In the fall of 1927 Grandpa sold the ranch. So as a result my father and mother, after spending a lifetime of running the ranches for Grandpa, moved away from that area to St. George, where they could give Leland voice training, as he had a beautiful voice, and we other children could still go on with our schooling. So we spent the next two winters in St. George.
In the spring of 1929 my folks decided to move to the Provo area, where I spent my 18th birthday. This was a lonely time for me as I had just broken up with my boy friend in St. George and left all my wonderful friends to come here where I was a perfect stranger. For some time I didn’t even try to make friends, but finally decided life was too lonely to not get acquainted with someone. I started going to church and before too long I had friends again and became very happy and carefree. Our first home in Provo was on the east bench, on the hill just east of the Riverside Country Club, which was not there at that time, and the house no longer exists. It was while living there that I met my future husband in August 1929.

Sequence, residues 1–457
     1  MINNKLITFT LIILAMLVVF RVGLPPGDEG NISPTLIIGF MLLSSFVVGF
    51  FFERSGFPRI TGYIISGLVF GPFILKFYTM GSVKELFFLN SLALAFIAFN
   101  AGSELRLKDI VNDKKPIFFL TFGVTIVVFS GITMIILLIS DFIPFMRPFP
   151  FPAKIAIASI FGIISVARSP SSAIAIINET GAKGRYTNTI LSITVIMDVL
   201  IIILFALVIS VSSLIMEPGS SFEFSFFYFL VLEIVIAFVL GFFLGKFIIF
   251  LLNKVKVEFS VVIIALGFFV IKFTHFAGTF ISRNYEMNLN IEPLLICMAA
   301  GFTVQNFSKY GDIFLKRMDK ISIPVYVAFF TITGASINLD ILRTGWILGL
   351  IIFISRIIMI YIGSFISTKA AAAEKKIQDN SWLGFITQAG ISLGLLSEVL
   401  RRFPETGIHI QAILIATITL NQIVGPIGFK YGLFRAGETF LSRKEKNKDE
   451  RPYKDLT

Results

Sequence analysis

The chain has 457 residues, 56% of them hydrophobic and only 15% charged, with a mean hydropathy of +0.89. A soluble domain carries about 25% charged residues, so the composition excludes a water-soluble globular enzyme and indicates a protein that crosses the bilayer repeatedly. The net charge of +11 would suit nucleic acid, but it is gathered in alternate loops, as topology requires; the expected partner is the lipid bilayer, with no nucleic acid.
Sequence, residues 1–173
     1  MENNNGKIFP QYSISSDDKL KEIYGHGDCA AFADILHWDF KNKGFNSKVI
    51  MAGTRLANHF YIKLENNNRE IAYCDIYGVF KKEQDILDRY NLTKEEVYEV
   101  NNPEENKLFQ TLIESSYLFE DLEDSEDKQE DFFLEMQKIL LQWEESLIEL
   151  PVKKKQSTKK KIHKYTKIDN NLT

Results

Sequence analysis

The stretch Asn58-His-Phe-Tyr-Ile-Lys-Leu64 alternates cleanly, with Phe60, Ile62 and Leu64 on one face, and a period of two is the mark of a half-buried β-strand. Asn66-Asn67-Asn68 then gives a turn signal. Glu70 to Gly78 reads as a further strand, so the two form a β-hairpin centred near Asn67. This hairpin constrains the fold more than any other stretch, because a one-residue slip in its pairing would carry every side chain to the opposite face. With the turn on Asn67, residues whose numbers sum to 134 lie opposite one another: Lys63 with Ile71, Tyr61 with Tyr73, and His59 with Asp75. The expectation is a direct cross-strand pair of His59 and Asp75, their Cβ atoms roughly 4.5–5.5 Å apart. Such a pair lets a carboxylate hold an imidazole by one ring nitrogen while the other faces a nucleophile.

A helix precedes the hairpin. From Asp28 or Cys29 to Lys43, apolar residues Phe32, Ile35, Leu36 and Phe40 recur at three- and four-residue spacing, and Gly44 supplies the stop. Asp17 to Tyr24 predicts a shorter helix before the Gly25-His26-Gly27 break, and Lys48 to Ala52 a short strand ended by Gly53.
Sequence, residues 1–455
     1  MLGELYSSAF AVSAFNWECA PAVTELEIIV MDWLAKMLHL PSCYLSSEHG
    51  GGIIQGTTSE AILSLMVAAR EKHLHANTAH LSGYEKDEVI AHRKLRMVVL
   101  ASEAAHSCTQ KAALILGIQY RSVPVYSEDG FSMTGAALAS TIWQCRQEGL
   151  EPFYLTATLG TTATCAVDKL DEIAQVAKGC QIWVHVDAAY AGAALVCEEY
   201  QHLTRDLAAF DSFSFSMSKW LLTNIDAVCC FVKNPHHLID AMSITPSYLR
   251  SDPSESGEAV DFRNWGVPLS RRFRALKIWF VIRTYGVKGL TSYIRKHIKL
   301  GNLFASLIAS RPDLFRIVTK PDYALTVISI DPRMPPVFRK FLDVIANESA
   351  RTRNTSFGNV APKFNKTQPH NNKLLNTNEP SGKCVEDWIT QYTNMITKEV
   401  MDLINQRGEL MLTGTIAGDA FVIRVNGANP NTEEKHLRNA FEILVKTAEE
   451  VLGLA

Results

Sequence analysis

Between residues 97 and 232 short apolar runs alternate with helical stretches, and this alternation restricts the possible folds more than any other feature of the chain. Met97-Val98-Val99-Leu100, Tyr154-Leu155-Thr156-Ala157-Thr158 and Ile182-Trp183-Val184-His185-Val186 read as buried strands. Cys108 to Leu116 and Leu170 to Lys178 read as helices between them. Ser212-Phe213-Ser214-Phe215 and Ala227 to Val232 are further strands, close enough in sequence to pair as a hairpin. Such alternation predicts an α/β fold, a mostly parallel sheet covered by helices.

In October we moved to downtown Provo, and while living there father and mother were called to Paragonah as my Grandmother Lamoreaux was dying with cancer. They left a while before Christmas, so it was left for me, with the help of Leland and Thelma and my boy friend Orvil Ashton, to see that Santa Claus came to the younger brothers and sisters. I was working at Montgomery Wards store and it was quite an experience for us to take the responsibility of Christmas. Grandmother passed away on the 28 December 1929.
In April we moved to a farm in Lindon and it was here I spent the summer before I was married, picking strawberries, raspberries and doing everything I could to earn a little money.